And that is the problem. Those who cry “anti-Semitism!” at every opportunity may be making a valid interpretation.

But it isn’t the only interpretation.

And if it isn’t what the author intended – it is the wrong interpretation. Particularly if it is being used to excuse an appalling act of brutality.

Source: Guardian Cartoonist Steve Bell Denies Anti-Semitism Claims After Drawing Spiked By Editor

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11 thoughts on “Guardian cartoonist Steve Bell accused of anti-Semitism over Razan al-Najjar image

  1. Kate George

    Having read Steve Bell cartoons for many years, it struck me how how like Thatcher the image of Mrs May is! Maybe this is fitting, I couldn’t stand Thatcher either. As for anti-semitism, that’s just a false argument to detract from the rall issues.

  2. john thatcher

    It only goes to underline why Viner was made editor.Not for any talent she might have,but because she can be relied on to “toe the line”.

  3. MadManagement

    These accusations are so contrived that we must now accept that it is nothing to do with anti-Semitism at all. It is all dead cat silliness. Tell them to bugger off.

  4. Shelagh Garside

    It’s not what the author in tended, but the image made me think of Joan of Arc.

  5. marie

    This anti-semitism thing is now taking the proverbial. Whenever there is the slightest hint of a criticism of a regime, there goes the cry! It will be self-defeating in the end, just like the little boy who cried wolf all the time. People will just shrug their shoulders and go: There they go again! it will only end up annoying people.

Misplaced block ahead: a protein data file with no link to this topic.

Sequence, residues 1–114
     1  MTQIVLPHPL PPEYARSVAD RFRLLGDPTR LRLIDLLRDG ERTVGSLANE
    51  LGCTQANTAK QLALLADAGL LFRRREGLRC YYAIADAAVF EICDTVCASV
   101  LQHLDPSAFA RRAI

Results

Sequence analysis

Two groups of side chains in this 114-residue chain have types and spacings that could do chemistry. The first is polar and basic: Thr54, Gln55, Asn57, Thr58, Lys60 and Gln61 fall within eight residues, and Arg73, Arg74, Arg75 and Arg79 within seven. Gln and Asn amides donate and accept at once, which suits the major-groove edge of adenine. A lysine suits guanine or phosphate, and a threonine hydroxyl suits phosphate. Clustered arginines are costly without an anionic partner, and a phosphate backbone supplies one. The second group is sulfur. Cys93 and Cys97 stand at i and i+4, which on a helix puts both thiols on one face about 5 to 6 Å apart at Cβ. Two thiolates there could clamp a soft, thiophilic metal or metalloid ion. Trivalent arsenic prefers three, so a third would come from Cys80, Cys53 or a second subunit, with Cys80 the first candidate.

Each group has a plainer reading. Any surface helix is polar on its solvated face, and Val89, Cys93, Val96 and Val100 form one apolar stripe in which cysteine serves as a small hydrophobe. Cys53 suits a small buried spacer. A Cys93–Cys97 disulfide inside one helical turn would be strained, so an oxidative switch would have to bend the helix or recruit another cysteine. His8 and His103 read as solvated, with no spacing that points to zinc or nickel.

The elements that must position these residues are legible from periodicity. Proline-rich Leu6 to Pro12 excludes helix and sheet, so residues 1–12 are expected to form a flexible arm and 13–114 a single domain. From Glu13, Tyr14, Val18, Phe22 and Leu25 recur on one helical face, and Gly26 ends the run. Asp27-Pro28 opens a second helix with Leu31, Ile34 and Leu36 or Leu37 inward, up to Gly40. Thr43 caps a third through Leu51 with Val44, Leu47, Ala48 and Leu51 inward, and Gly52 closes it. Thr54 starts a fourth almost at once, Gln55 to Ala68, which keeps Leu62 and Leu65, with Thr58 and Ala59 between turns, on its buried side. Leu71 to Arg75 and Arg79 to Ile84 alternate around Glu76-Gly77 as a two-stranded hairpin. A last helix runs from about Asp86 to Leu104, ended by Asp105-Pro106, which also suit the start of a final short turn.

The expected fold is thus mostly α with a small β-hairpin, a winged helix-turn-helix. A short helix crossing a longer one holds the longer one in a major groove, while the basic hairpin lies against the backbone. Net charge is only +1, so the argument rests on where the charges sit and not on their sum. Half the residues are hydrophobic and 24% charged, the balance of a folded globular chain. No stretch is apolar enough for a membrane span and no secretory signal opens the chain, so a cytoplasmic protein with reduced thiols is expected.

6. digitaurus

    Steve Bell was making a strong and excellent point in this cartoon. I hope his revised version avoided putting her in the a grate – an inadvertent visual reference for many to the burning of victims in the Holocaust.

    1. Mike Sivier Post author

      The problem is the people who claim the image is a deliberate visual reference to the Holocaust. Putting her in the grate was the obvious choice, and if Mr Netanyahu and/or his supporters – not Jews in general – don’t like it they should be honest and admit they don’t like it because it is a genuine criticism of the abhorrent activities they support, rather than hiding behind false accusations of anti-Semitism.

  7. Carol Fraser

    What a great wheeze. Israel commits an atrocity and when criticized shouts foul. You’re being anti-semetic. I put it to Israel your Holocaust victims would be mightily ashamed of what you have become.

  8. Zippi

    Context? Do me a favour! Nobody is interested in context, any more, nor are they interested in the truth.
    “Those who cry “anti-Semitism!” at every opportunity may be making a valid interpretation.” The issue isn’t that it isn’t the only interpretation but that it is only an interpretation. Personally. I didn’t see a link between this image and the Jewish Holocaust, until I read it in the article. If you tell people that, before they see it, that it all that they will see. I wonder how many people who saw this were primed beforehand?

    1. Mike Sivier Post author

      I am uncomfortably aware of the truth of your words, having been accused of anti-Semitism myself. My accusers primed the public – at least, those who were not familiar with my work.
      Still, in some cases it may be possible to draw such an interpretation reasonably. Then, as I say, authorial intention must be taken into account.

Comments are closed.